I know that the above quote is going to offend some of the resident Obamaniacs, but it is the truth and needs to be said. Stiglitz is an equal opportunity critic, and is truly authoritative.

Stiglitz, 66, won the Nobel in 2001 for showing that markets are inefficient when all parties in a transaction don’t have equal access to critical information, which is most of the time. His work is cited in more economic papers than that of any of his peers, according to a February ranking by Research Papers in Economics, an international database.


Stiglitz was head of the White House’s Council of Economic Advisers under President Bill Clinton before serving from 1997 to 2000 as chief economist at the World Bank. He resigned from that post in 2000 after repeatedly clashing with the White House over economic policies it supported at the International Monetary Fund. He is now a professor at Columbia University.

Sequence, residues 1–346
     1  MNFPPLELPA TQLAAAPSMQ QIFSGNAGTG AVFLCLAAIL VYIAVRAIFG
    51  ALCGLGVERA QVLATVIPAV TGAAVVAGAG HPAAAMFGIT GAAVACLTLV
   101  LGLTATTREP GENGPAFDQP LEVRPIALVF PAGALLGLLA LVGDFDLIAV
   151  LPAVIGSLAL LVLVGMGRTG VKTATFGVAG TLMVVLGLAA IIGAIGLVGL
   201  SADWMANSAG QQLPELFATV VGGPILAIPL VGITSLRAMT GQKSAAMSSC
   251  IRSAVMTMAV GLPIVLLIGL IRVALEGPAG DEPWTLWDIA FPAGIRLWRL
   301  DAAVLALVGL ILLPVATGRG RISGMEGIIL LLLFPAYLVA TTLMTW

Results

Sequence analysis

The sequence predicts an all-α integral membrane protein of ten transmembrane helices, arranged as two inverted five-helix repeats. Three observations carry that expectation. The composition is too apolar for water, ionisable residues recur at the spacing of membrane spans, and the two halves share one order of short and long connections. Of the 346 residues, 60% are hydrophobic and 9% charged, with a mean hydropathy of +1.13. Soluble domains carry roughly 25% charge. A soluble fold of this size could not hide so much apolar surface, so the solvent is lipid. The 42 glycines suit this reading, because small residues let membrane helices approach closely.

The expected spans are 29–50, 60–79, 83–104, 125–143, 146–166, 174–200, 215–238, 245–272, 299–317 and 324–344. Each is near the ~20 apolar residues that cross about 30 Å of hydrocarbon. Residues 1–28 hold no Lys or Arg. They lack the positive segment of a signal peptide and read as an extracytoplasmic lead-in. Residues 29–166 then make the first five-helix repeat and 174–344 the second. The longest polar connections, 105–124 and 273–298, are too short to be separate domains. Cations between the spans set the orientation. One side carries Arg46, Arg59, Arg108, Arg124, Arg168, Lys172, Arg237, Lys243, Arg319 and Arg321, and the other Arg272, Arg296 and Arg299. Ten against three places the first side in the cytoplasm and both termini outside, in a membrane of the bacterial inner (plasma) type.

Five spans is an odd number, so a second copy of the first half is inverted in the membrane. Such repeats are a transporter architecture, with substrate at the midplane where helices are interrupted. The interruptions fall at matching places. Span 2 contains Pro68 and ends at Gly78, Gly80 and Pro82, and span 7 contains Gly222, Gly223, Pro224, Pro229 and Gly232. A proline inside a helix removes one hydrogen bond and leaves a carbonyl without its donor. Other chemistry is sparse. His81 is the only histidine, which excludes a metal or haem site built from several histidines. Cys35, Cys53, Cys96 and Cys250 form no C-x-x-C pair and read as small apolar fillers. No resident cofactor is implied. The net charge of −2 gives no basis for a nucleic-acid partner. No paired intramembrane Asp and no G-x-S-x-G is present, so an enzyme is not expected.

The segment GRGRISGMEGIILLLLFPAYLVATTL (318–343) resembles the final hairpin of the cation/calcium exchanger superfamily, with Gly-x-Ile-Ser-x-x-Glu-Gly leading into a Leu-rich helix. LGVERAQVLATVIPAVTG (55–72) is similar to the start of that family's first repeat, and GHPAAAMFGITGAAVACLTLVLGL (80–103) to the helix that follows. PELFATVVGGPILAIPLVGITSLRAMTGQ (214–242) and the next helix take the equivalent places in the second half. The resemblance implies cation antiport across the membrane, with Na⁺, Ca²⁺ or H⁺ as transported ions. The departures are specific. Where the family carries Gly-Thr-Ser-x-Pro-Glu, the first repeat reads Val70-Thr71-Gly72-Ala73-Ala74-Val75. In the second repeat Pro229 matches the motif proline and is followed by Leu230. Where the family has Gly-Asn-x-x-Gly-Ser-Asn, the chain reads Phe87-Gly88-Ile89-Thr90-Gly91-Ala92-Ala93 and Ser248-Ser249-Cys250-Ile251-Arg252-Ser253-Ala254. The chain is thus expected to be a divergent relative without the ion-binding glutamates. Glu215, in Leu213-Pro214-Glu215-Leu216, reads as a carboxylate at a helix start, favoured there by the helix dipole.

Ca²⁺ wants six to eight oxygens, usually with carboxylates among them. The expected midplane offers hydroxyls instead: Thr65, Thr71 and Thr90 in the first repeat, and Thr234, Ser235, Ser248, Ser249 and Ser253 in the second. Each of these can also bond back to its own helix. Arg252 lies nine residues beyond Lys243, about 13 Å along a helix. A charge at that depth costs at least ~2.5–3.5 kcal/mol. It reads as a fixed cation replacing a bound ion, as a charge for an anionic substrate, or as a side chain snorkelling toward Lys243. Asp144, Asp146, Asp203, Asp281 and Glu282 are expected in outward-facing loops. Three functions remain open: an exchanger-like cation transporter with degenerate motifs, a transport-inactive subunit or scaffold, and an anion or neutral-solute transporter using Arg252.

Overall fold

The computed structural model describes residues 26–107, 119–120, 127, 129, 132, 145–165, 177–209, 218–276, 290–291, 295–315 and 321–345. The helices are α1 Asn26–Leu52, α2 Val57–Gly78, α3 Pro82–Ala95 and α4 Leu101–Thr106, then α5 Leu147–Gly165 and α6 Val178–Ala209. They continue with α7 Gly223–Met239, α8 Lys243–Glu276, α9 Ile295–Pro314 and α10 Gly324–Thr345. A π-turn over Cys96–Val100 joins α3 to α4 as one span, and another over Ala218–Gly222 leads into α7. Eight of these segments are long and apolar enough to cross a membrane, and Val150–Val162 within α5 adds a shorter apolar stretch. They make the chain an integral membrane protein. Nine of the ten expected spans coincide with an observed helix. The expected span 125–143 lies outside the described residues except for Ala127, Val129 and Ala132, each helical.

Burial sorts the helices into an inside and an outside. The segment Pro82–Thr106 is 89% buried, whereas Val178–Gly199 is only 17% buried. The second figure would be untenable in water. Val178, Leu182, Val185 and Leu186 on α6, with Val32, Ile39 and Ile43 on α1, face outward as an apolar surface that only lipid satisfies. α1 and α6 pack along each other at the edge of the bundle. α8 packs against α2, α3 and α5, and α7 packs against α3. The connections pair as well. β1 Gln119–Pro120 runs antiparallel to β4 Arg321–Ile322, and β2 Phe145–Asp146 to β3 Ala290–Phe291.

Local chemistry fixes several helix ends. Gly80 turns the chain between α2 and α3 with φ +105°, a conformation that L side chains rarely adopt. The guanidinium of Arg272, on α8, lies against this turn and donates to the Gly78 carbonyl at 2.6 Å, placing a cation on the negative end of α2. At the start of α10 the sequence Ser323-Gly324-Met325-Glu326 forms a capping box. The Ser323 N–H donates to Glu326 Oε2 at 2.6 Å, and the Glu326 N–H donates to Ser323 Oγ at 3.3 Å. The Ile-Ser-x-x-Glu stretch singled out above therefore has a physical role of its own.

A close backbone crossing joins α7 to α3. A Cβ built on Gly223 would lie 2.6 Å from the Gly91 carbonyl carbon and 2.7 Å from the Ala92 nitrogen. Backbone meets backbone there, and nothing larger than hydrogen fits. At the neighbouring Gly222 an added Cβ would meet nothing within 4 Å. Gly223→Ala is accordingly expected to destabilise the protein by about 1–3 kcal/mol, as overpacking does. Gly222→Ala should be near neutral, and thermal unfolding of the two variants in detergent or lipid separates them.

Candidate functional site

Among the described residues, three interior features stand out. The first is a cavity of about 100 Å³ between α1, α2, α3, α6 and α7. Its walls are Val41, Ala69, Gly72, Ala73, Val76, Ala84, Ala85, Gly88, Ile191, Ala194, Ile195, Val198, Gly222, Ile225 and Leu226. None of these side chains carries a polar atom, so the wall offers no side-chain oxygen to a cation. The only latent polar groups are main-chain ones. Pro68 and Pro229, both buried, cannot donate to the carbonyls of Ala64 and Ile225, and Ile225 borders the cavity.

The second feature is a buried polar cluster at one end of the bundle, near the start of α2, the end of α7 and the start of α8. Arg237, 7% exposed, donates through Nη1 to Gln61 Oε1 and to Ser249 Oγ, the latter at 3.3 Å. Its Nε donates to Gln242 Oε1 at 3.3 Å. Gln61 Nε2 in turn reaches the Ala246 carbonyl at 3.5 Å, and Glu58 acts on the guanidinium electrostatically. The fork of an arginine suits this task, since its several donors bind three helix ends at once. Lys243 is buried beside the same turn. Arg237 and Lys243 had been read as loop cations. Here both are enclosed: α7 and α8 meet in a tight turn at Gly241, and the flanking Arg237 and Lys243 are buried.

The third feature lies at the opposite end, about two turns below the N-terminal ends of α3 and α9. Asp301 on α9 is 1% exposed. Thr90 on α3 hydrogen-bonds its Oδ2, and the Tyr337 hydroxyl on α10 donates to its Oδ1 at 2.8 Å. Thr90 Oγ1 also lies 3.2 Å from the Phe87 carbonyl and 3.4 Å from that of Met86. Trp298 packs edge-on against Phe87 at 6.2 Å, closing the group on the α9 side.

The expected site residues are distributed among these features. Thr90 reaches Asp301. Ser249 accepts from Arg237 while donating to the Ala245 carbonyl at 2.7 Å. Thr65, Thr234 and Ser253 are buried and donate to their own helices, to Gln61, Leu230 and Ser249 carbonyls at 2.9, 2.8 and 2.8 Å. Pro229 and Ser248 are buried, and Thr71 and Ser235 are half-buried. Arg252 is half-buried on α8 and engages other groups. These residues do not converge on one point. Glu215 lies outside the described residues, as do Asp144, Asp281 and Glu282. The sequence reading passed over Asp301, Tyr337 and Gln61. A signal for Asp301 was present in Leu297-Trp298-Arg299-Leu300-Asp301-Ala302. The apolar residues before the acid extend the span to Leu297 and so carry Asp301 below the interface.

Denninger was all over that this morning.

But I feel Denninger gets it wrong on another subject ...

"Bend Over: Here It Comes (Carbon Taxes)"


The only thing that I personally find offensive is the implications that "the other guy" would have done anything different.

The current situation has proven to me that all of Washington is hopelessly corrupted with regards to dealing with this particular problem. The Democrats and the Republicans are tapping the same people over and over and pursuing the same policies with abandon.

This isn't a partisan issue anymore, it is a fundamental issue, and it is going to take "The People" too long to recognize it as such.

I doubt most people here think the other guy would do anything different.

It was an interesting moment in the campaign, though - the candidates' reactions to the first bailout. McCain initially said he wouldn't support it, and reports from the closed-door meeting said Obama ended up screaming at him for it.